THERE’S only one way to do well in mathematics - keep practising
Physics and chemistry have standard prototype solutions for most problems, but in math, it often happens that you start out on a particular path to answer a question and end up arriving nowhere.
You face a trigonometry problem or a series summation and you don’t know where to start, which angle to consider first, whether to solve the series directly, or to invoke the differences of consecutive terms. The single-step solution to all these troubles is to keep practicing.
Algebra can be made easier if you have the ability to picture functions as graphs and are good at applying vertical and horizontal origin shifts carefully as zeroes of functions and other specific values can be done in much less time using these techniques.
Differential calculus again relates well to roots of equations, especially if you use the Rolle and Lagrange theorems.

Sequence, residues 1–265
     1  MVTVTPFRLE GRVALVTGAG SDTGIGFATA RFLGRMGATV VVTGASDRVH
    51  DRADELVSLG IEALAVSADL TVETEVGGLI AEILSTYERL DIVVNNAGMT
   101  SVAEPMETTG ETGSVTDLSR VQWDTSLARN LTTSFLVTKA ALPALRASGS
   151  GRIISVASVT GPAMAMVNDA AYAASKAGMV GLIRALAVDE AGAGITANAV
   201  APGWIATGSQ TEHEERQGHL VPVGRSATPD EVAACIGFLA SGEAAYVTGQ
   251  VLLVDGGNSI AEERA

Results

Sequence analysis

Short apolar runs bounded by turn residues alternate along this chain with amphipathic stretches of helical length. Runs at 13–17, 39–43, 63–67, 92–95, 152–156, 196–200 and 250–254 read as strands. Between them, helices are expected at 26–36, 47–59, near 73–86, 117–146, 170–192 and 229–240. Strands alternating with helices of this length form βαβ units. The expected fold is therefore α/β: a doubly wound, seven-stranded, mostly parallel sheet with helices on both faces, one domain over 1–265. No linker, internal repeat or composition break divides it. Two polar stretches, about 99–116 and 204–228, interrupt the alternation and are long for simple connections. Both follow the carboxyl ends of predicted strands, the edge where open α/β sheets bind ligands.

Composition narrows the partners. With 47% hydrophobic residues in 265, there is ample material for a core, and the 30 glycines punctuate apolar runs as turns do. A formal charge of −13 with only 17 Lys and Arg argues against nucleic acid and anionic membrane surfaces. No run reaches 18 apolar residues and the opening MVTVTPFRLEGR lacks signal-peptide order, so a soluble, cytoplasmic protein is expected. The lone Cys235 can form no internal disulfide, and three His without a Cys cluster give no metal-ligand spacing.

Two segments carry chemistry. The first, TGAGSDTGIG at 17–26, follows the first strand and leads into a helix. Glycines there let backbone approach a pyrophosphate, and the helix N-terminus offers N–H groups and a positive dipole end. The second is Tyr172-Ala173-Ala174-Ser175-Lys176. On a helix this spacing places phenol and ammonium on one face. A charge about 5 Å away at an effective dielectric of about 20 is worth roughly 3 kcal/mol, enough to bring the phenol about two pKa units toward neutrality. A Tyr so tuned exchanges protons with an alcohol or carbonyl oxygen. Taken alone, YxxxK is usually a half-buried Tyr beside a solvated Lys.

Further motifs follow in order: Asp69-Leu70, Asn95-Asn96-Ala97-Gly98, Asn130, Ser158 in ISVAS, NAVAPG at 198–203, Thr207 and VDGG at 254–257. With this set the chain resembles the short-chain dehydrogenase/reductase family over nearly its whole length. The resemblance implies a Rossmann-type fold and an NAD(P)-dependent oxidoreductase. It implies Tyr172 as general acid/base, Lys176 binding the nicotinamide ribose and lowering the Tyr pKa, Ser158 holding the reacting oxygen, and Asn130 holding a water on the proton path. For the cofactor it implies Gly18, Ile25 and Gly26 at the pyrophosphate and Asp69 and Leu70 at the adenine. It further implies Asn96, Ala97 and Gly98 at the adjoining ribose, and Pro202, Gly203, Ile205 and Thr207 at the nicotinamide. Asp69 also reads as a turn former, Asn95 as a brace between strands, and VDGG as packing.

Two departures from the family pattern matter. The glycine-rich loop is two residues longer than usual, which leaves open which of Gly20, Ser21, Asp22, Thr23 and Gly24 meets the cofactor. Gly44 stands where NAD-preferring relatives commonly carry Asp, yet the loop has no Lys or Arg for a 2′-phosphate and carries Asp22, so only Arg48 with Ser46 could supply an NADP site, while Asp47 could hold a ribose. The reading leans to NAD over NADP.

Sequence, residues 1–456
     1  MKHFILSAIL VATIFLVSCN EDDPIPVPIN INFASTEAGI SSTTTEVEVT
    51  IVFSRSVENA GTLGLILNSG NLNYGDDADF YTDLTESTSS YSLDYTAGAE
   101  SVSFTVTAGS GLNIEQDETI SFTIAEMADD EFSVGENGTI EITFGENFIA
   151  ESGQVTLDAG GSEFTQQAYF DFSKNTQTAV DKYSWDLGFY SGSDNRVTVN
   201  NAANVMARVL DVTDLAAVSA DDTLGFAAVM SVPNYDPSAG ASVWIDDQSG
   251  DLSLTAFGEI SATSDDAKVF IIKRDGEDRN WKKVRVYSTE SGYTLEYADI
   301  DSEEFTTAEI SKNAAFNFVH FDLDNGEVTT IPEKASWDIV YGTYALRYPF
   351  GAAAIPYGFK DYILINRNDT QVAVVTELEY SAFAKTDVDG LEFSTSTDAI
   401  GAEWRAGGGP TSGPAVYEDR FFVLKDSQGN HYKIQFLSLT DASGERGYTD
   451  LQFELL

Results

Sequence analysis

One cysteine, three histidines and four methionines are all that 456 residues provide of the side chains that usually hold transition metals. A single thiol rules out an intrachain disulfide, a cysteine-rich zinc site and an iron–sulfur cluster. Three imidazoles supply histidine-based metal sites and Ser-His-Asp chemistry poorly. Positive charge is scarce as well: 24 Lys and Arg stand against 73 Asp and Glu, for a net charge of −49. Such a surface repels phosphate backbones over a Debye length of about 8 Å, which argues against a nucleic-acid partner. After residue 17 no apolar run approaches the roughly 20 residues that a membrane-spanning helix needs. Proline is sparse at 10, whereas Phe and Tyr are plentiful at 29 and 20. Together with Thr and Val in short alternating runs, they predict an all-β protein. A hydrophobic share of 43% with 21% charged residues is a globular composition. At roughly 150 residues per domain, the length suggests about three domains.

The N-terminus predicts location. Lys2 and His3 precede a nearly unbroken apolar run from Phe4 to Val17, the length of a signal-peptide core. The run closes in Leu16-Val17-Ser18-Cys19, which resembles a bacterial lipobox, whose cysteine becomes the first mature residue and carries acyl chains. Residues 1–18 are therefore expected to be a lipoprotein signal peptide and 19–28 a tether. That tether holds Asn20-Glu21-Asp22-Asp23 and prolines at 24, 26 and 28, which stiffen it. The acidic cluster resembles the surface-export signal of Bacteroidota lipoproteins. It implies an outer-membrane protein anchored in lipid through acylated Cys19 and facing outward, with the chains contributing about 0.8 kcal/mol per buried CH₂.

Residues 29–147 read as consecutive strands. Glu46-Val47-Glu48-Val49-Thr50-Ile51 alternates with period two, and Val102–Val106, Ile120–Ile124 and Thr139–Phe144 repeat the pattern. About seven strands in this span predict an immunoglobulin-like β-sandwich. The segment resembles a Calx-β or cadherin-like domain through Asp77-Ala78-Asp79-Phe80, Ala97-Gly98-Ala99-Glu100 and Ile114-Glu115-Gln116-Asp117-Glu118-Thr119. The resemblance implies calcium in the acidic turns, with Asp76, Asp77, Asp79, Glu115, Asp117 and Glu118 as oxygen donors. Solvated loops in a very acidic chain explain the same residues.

Complex numbers can be used to solve questions in co- ordinate geometry too. Trigonometric questions require applications of De Moivre’s theorem.
Then, another very important topic in algebra is permutation-combination and probability.
You need to be thorough with the basics of Bayes theorem, derangements and various ways of distribution, taking care of cases where objects are identical and when they are not.
Matrices can be related to equations, hence a 3x3 matrix can actually be visualised as being three-planed in 3D geometry. Determinants have some very nice properties, for instance, the ability to break them into two using a common summand from a row/ column, which should be made use of in tougher questions.
Integral calculus can be simplified using tricks and keeping in mind some basic varieties of integrable functions, lists of which can be found in the Arihant book authored by Amit M. Aggarwal. It has many useful tricks in its pages, which if kept in mind can help you step up your speed up in competitive exams.
Achieving upper and lower bounds and then verifying the options also works sometimes.
Coordinate geometry requires a good working knowledge of the parametric forms of various conic sections and an ability to convert the other, tougher ones (like when the major axis is at an angle to the x- axis) to these basic forms and then interpret the solutions accordingly.
— Vipul Singh ranked fifth in the IIT- JEE 2010 and topped the AIEEE 2010.